To deal effectively with the wide array of factors affecting the ability of a business to grow and prosper, managers need advanced processes they feel will facilitate the optimal positioning of the business in its competitive environment. Such positioning is possible with strategic management because this process improves preparedness for unexpected internal or competitive demands. Therefore, strategic management is an all-encompassing approach for formulating, implementing and evaluating managerial decisions in a way that permits the business to reach its objectives. For a strategic management plan to be successful, however, every manager should:
Clearly see the need for change
Be firmly committed to the idea of changing the business planning process
Assure that the strategic management process has credibility with everyone involved
Make sure that final plans are realistic and reflect actual resources and capabilities
Train all participants in the procedures essential to the strategic management process
Develop concise and well-organized plans
One of the world's best performing natural resources companies created a unique organizational structure that combines the advantages of small business units with "virtual structures" - groupings of these business units - that can address different strategic issues and competitive environments.
The formality of the strategic management process varies widely. Formality refers to the degree to which membership, responsibilities, authority and discretion in decision making are specified. It is an important consideration in the study and application of strategic management because the degree of formality is usually positively correlated with the cost, comprehensiveness, accuracy and success of planning. The requirements for small business indicate the need for a moderate degree of formality. This is consistent with the ability to communicate face-to-face (size) and the need for flexibility (changing demands). The important issue is involvement with the process, not generating reams of paperwork (Camerer, 195-219). Resistance to change should be reduced. Businesses vary in the processes they use to formulate and direct their strategic management activities. Many using sophisticated planning techniques have developed more detailed processes than similarly sized, less formal planners. Small businesses that rely on the strategy formulation skills and limited time of an entrepreneur typically exhibit very basic planning concerns when contrasted with larger firms in their industries (Harrison, St. John, 44-59). Understandably, organizations with diverse operations due to multiple products, markets or technologies also tend to use more complex strategic management systems. Despite differences in detail and degree of formalization, the basic components of the models used to analyze strategic management operations are very similar. The strategic management process is based on the belief that businesses should continually monitor internal and external events so timely changes can be made. To survive, firms must be able to identify and adapt to change. This involves timely planning, directing, organizing and controlling of the strategy-related decisions and actions of the firm (Camerer, 195-219). The strategic management process is sometimes improperly perceived as a unidirectional flow of objectives, strategies and decision parameters from management to the employees. In fact, the process should be highly interactive since it is designed to stimulate input from creative, skilled and knowledgeable people working at every level of the business.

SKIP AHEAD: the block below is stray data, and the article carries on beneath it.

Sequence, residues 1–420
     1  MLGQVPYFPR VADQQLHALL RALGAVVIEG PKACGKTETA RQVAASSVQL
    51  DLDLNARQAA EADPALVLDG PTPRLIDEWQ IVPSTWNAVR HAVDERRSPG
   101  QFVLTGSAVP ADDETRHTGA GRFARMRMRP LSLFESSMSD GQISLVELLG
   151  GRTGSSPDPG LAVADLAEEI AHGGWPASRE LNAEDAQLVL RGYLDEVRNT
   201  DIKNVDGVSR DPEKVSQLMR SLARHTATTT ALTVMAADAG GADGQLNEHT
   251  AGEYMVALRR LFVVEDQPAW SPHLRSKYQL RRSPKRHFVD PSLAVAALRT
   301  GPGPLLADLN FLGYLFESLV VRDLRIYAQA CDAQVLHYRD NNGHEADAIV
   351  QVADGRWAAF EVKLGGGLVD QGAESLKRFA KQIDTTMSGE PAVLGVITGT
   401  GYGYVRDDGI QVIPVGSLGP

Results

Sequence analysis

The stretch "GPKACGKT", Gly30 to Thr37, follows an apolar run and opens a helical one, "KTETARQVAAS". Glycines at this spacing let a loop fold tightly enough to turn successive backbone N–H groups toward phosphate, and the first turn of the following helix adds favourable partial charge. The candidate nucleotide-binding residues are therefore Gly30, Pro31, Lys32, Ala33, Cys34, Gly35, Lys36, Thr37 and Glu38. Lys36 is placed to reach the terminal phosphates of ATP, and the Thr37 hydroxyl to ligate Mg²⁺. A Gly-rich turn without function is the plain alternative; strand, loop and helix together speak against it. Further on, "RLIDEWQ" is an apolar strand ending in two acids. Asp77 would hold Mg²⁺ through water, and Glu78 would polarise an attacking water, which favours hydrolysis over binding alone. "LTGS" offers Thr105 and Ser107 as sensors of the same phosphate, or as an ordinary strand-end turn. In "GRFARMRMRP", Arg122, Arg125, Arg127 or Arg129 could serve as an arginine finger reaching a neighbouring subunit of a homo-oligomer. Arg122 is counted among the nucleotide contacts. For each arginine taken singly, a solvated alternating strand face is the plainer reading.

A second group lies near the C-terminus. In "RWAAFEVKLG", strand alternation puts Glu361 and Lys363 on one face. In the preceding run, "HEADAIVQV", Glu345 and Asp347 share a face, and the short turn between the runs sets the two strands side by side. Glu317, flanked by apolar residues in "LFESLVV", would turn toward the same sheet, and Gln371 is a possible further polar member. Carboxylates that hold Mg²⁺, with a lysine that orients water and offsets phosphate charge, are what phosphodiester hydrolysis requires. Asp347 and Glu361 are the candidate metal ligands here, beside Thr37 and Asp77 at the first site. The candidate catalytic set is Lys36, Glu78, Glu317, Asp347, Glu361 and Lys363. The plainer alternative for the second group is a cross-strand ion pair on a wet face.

Tools Used in Strategy Development
This section very briefly describes several key tools that can be used during the course of strategy development and strategic planning. The list is not intended to be comprehensive but to illustrate the types of tools that are available.
References: Astley, W.G., and C.J. Fombrun, 1983, Collective Strategy: Social Ecology of Organizational Environments. Academy of Management Review 8: pp. 576-587
Burgelman, R.A. 1996, A Process Model of Strategic Business Exit: Implications for an Evolutionary Perspective on Strategy. Strategic Management Journal 17: pp. 193-214
Camerer, Colin F. 1994, Does Strategy Research Need Game Theory? In Fundamental Issues in Strategy: A Research Agenda. Richard P. Rumelt, Dan E. Schendel, and David J. Teece (eds.). Pp. 195-219. Boston: Harvard Business School Press
Galbraith, Jay R. 1995, Designing Organizations: An Executive Briefing on Strategy, Structure and Process, San Francisco: Jossey-Bass Publishers pp. 12-15
Harrison, Jeffrey S., and Caron H. St. John, 1998, Strategic Management of Organizations and Stakeholders: Concepts. 2nd Edition. Cincinnati, OH: South-Western College Publishing, pp. 44-59
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